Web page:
Death of a Shareholder – Having No Family Does Not Mean Profit for the Cooperative

Written By: Michelle P. Quinn


When a deceased shareholder of a cooperative apartment has a family member, an administrator or an executor of his or her estate, the disposition of shares (i.e., the ownership of the apartment) is generally pretty straightforward. The shares may be transferred to a qualifying family member or maybe sold on the open market to a third party.

But what happens if there is no will? No family? Can the cooperative simply sell the shares of the apartment for its own benefit? Generally speaking: No! 

The cooperative must petition the Surrogate Court of the county in which the shareholder resided or where the property is located to have the Public Administrator of that county appointed as the administrator of the estate of the decedent. The Public Administrator then, in essence, stands in the shoes of the deceased shareholder (with the exception of being able to vote or occupy the apartment) and has a fiduciary duty to sell the apartment at the best market rate possible. Once the sale is complete, the cooperative is “made whole” for any arrears, flip tax, or other expenses associated with the sale of the apartment, including the appointment of the public administrator. Any equity remaining after the sale is distributed to the beneficiaries of the estate or, if there are none, to the state of New York.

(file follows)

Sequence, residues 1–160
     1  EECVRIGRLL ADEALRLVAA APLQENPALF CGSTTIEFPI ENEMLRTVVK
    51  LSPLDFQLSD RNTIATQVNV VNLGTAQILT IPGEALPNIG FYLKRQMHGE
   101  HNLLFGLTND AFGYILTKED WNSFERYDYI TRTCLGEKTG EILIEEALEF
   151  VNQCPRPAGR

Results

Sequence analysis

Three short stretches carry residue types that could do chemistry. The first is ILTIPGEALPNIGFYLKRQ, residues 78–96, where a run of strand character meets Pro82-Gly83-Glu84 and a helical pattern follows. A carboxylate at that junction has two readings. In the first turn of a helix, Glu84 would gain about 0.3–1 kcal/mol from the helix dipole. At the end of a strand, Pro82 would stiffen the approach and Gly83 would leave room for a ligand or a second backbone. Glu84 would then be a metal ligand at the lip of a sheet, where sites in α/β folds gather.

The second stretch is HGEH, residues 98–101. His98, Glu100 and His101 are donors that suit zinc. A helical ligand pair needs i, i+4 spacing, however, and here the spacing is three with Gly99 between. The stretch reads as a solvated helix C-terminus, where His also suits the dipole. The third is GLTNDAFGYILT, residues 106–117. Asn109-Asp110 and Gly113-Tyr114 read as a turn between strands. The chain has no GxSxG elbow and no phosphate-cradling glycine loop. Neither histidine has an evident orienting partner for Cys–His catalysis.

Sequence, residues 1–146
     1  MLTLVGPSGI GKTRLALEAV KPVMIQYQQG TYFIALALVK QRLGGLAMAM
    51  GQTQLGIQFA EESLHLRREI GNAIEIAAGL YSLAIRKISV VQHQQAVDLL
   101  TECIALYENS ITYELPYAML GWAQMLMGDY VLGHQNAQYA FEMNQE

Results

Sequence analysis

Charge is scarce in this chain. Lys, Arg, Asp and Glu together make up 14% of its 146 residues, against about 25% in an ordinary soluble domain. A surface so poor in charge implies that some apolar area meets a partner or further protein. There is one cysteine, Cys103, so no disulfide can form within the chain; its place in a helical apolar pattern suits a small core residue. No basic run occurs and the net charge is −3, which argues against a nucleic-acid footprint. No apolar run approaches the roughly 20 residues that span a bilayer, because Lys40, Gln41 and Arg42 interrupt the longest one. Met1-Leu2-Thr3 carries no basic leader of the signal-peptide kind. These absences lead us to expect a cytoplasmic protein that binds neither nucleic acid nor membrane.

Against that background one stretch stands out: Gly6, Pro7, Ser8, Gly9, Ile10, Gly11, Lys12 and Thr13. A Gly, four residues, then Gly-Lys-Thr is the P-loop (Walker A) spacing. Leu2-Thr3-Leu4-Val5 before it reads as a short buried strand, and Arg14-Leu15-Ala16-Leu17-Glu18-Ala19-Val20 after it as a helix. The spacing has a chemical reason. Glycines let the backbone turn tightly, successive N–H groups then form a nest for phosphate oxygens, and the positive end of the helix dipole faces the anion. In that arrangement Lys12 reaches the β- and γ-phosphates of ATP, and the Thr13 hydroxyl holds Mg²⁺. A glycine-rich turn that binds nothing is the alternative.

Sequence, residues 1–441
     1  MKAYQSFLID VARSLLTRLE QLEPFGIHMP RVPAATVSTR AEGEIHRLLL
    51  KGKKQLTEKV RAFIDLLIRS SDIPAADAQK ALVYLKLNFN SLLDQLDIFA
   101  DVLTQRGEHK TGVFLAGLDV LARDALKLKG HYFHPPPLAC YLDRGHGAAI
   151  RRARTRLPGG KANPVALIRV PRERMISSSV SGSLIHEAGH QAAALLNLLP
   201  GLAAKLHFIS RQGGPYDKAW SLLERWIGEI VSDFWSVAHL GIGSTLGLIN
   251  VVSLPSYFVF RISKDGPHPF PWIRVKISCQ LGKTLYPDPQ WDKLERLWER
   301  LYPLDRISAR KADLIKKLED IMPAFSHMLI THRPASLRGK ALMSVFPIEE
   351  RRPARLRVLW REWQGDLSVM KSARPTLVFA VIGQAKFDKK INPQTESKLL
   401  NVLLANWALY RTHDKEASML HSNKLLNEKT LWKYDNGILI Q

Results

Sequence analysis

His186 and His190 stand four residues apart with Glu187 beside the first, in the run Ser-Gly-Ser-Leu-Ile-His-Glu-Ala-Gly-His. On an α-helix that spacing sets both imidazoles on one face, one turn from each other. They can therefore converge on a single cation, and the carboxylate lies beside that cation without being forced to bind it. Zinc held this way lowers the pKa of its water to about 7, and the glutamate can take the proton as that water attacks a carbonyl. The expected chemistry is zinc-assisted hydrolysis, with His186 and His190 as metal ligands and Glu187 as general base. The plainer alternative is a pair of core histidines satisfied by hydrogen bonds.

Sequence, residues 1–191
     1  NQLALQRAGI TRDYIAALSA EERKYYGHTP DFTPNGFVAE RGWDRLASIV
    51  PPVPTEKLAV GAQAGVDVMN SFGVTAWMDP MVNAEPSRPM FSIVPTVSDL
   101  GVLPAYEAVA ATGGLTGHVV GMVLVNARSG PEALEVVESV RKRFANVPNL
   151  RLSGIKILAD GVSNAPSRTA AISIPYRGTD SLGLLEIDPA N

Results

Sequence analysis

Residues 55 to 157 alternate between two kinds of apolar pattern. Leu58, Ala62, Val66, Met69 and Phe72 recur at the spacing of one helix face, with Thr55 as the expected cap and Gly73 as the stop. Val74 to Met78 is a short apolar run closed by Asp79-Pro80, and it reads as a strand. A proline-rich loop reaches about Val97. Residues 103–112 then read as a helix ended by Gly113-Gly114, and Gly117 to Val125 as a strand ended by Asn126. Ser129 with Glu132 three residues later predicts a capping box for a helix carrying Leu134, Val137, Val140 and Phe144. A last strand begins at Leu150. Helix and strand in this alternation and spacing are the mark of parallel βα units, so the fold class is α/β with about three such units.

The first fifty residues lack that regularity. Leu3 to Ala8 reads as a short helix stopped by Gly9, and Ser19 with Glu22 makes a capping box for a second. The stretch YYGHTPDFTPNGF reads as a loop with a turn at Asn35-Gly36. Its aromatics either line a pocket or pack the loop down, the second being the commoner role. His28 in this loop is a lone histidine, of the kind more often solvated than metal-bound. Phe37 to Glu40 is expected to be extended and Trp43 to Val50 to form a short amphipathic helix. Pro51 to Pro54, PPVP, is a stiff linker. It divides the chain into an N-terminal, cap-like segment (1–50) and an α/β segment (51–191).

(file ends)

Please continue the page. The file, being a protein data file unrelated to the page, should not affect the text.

The upside for the cooperative is not only that after the apartment is sold, the arrears and its out-of-pocket expenses are recovered, but also that the purchaser will presumably be a maintenance-paying member of the cooperative community.
If you have an aging population in your building, it is encouraged that shareholders provide family contact information to management (or the board) to possibly expedite the above process and save on unnecessarily incurred maintenance or other expenses on a vacant apartment.

about the authors

Michelle P. Quinn


Michelle P. Quinn represents cooperative and condominium boards, businesses, and individuals regarding issues with shareholders and owners in commercial and residential landlord-tenant litigation, including summary proceedings, administrative agency hearings, and Supreme Court actions and appeals.  She has substantial experience with Mitchell-Lama cooperatives, redevelopment companies, and tenancies protected by New York State Rent Regulation.

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